HBCU leaders make discontent clear:
Unpublished figures provided by ED to several sources reveal that of the nearly 400,000 PLUS loan rejections issued last fall, nearly 28,000 impacted students attending HBCUs as of February 2013.
Michael L. Lomax, president and CEO of the United Negro College Fund, Lezli Baskerville, president and CEO of the National Association for Equal Opportunity in Higher Education, and William R. Harvey, president of Hampton University and chair of the President's Board of Advisors on HBCUs wrote a letter to ED Secretary Duncan about the significant reduction in revenues experienced by these organizations.
They stated that the HBCU presidents with whom they have consulted have reported an average budgetary loss of five million dollars per school through the beginning of the September 2012 academic year.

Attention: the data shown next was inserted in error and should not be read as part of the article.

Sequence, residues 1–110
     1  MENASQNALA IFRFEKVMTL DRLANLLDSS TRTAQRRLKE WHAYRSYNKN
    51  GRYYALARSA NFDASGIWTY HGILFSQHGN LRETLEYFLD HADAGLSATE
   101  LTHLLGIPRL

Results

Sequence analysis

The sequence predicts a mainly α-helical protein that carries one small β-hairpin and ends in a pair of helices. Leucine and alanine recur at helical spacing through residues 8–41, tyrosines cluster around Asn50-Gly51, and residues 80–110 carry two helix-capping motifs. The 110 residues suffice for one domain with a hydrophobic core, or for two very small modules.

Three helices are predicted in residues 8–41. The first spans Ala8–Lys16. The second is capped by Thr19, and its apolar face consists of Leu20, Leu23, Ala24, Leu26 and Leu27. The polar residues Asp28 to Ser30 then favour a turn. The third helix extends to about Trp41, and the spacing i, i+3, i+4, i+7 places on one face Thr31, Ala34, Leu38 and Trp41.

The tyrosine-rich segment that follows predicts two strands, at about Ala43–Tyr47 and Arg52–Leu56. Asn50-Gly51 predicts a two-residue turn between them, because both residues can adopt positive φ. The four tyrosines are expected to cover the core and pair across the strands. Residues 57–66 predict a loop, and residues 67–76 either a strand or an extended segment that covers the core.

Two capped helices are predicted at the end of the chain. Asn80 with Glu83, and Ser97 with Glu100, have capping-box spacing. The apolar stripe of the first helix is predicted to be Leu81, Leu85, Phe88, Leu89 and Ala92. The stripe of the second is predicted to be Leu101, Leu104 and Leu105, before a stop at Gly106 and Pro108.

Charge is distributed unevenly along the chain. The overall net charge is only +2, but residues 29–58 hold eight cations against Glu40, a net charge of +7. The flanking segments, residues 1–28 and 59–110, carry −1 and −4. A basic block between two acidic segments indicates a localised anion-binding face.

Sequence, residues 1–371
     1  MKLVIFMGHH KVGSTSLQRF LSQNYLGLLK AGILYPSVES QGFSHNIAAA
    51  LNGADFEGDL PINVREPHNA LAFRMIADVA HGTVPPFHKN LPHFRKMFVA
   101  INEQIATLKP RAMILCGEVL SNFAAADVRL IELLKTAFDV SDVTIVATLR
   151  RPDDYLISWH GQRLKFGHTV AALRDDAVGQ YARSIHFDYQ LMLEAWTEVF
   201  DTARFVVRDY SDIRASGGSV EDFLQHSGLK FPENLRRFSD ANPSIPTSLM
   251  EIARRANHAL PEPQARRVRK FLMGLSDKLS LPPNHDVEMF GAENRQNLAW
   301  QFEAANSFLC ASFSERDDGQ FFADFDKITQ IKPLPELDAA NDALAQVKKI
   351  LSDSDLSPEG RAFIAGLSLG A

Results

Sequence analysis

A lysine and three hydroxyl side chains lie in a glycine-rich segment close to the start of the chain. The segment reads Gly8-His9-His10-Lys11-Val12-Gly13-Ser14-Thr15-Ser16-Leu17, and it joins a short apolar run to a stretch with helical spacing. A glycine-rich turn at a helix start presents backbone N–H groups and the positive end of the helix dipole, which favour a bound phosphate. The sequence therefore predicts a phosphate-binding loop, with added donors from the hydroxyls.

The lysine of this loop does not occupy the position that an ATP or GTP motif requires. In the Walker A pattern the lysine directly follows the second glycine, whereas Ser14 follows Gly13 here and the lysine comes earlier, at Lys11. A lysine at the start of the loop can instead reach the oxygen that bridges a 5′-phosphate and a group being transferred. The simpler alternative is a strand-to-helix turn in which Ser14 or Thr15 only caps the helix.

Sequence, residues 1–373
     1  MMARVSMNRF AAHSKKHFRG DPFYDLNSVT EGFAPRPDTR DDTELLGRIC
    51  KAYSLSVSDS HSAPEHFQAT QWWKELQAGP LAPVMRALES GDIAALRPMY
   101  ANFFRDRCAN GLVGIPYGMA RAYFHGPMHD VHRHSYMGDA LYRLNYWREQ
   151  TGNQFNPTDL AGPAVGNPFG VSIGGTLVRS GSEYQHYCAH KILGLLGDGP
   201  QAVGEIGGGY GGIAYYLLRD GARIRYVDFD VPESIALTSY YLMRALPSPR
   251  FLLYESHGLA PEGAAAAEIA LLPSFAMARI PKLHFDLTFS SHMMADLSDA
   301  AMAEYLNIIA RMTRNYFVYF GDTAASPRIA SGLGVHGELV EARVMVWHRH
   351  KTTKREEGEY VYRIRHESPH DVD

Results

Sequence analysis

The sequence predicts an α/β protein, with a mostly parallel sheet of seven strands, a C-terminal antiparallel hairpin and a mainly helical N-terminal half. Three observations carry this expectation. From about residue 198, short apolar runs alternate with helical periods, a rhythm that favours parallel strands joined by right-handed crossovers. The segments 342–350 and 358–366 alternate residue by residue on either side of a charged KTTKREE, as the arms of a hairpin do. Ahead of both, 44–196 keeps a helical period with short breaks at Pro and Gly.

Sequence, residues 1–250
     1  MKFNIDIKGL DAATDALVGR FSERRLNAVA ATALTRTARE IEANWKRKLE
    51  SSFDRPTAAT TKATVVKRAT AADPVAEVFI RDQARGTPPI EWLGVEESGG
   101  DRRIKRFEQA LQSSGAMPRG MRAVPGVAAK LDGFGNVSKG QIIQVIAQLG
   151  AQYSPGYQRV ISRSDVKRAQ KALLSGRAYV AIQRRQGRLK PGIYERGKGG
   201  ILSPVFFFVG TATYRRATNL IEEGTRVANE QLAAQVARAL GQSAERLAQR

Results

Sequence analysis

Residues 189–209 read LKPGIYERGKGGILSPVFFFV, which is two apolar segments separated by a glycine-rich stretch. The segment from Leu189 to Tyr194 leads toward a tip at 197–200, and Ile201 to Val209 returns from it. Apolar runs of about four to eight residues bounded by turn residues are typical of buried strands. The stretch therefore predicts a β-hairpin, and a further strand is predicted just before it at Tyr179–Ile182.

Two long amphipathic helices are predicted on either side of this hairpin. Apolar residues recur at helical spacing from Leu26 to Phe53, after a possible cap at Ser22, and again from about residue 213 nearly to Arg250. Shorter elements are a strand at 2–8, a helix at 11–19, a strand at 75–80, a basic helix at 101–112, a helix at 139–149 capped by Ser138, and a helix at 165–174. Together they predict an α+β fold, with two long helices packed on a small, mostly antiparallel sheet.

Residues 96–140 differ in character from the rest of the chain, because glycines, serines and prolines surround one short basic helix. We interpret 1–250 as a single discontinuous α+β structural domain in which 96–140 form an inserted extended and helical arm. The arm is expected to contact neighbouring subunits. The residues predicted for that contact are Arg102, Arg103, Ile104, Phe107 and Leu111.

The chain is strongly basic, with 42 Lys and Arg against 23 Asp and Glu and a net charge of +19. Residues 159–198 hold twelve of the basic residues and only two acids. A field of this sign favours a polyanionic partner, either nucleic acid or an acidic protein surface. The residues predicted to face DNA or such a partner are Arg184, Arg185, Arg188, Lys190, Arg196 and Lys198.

"If you're on a campus where 95 percent of students are black, the impact is more profound because we have a higher concentration of underprivileged people," Taylor said. "I don't know any business that could experience that type of loss in just a year," and survive in the long term, he added.
Students whose parents have been denied the PLUS loan do have some recourse, however.
"Students who are denied a PLUS loan should appeal the denial," Kantrowitz advised. "The U.S. Department of Education seems to be using the appeals process for extenuating circumstances to approve PLUS loans in some cases, especially if the borrower was approved last year. Otherwise, a dependent undergraduate student whose parent is a denied a PLUS loan will be eligible for the higher unsubsidized Stafford loan limits available to independent students."
Taylor doubts the appeals process will have a significant effect on the high rate of denials. Along with other organizations, the Thurgood Marshall Fund is considering challenging the policy changes in court.